Apple is finally ready to begin offering online iPhone sales in India after what seems like years of negotiations and political wrangling. Bloomberg is reporting that the company will launch a web store on the subcontinent next month, marking a new era for the famously protectionist country. Apple is also working on building the first of two real-world stores, expected to open its doors in Mumbai in 2021. After that point, Bloomberg’s sources in the know claim that a second Apple Store will open in Bangalore.
It’s been a pretty long road, getting from there to here. After all, India’s Foreign Direct Investment rules mandate that foreign companies source 30 percent of their parts from local sources. In addition, the country has insisted that big US companies partner with a local retailer to run the sales part of their business. In order to counter this, Apple began a building a limited number of iPhone (SE) devices in the country at partner factory Wistron’s plant in Karnataka.
After Apple began building products in the country, and after plenty of glad-handing, India relaxed the retail rule in 2018. Even so, it’s taken a while for India to allow Apple (and other major foreign brands) to sell their wares direct to consumers online. And this plan was originally going to take place far earlier this year, but was disrupted by the effect of COVID-19.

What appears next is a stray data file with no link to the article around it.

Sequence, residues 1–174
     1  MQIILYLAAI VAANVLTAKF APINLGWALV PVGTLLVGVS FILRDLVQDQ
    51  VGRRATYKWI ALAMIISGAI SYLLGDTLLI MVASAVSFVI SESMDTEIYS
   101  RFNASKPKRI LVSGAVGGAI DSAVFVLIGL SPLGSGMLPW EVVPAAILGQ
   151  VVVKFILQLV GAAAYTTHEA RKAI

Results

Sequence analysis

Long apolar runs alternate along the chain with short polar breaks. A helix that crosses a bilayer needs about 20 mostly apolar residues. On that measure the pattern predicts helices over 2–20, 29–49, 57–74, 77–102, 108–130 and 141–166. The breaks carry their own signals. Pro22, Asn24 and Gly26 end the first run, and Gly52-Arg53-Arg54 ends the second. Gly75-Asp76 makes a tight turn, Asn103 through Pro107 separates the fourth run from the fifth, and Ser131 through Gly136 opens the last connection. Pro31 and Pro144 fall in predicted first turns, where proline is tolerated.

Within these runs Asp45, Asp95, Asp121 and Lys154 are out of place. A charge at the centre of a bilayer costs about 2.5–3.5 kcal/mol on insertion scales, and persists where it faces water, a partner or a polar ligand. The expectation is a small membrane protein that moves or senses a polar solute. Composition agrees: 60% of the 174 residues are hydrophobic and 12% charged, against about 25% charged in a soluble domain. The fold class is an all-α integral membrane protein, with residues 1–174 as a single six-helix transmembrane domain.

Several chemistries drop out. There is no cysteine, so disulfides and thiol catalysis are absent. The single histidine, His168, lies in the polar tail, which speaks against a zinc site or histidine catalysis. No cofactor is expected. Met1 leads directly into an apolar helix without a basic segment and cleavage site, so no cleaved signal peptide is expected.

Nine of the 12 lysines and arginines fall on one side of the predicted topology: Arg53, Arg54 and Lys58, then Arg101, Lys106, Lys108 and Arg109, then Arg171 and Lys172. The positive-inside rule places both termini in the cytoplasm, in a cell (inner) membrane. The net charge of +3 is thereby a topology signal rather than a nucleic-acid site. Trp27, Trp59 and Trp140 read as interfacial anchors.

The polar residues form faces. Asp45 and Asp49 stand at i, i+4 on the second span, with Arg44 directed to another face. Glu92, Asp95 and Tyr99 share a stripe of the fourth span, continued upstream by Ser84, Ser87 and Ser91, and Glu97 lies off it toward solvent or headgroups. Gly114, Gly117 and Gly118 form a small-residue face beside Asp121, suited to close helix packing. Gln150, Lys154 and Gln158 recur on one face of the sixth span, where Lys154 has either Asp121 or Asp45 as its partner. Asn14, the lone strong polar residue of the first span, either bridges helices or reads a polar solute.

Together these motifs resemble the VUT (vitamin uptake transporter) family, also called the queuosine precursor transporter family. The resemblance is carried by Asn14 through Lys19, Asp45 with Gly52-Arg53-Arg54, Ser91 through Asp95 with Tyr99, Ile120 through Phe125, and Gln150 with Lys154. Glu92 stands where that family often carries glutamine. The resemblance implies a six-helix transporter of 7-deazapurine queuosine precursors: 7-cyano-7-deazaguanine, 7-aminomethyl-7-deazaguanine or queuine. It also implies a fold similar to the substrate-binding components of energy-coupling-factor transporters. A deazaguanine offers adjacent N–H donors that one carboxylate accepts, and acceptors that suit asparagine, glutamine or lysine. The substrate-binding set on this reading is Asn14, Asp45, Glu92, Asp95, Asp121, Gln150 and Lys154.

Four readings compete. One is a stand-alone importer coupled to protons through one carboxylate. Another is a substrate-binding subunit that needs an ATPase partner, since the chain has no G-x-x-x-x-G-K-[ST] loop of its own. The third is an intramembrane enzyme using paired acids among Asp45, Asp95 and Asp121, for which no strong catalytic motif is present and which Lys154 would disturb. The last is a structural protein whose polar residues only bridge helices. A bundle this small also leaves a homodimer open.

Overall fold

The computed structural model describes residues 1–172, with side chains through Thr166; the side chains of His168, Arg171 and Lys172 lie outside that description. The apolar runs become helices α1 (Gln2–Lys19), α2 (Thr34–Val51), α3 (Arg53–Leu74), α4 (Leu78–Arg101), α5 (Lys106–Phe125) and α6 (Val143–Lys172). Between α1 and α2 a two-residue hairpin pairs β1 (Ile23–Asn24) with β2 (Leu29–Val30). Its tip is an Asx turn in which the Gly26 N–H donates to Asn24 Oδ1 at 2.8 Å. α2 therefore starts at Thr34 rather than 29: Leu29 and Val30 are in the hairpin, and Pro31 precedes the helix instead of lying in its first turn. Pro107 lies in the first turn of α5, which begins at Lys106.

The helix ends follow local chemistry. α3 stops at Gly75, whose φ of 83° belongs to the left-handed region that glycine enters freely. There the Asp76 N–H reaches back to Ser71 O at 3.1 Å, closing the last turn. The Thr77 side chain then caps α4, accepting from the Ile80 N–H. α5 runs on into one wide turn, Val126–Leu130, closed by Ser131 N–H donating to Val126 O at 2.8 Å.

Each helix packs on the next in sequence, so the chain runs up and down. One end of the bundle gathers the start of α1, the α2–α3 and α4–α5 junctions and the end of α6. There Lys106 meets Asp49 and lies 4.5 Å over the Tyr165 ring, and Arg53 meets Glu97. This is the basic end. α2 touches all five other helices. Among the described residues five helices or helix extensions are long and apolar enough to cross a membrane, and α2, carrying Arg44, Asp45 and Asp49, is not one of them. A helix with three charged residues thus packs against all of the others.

Coronavirus has seen India’s economy contract by anything up to 25 percent, with its manufacturing, construction and service industries hardest hit. Despite this, analysts say that the country is now the world’s second-largest smartphone market after China, making it a key battleground for big hardware makers. India is, however, nowhere near as wealthy as other nations, and so much of this boom has been to the benefit of low-end Chinese phone makers as well as domestic players.
The high price of the iPhone means that Apple has a paltry chunk of the country’s marketshare, with iOS holding 3.35 percent of the market. Sure, it’s the most popular phone amongst premium phone users, but in a country of 1.353 billion, that’s not a huge amount of people. Local sales may help, although as iOS device growth stalls, it’s likely that it’ll need to adjust its devices to cater for a more “price-sensitive” market.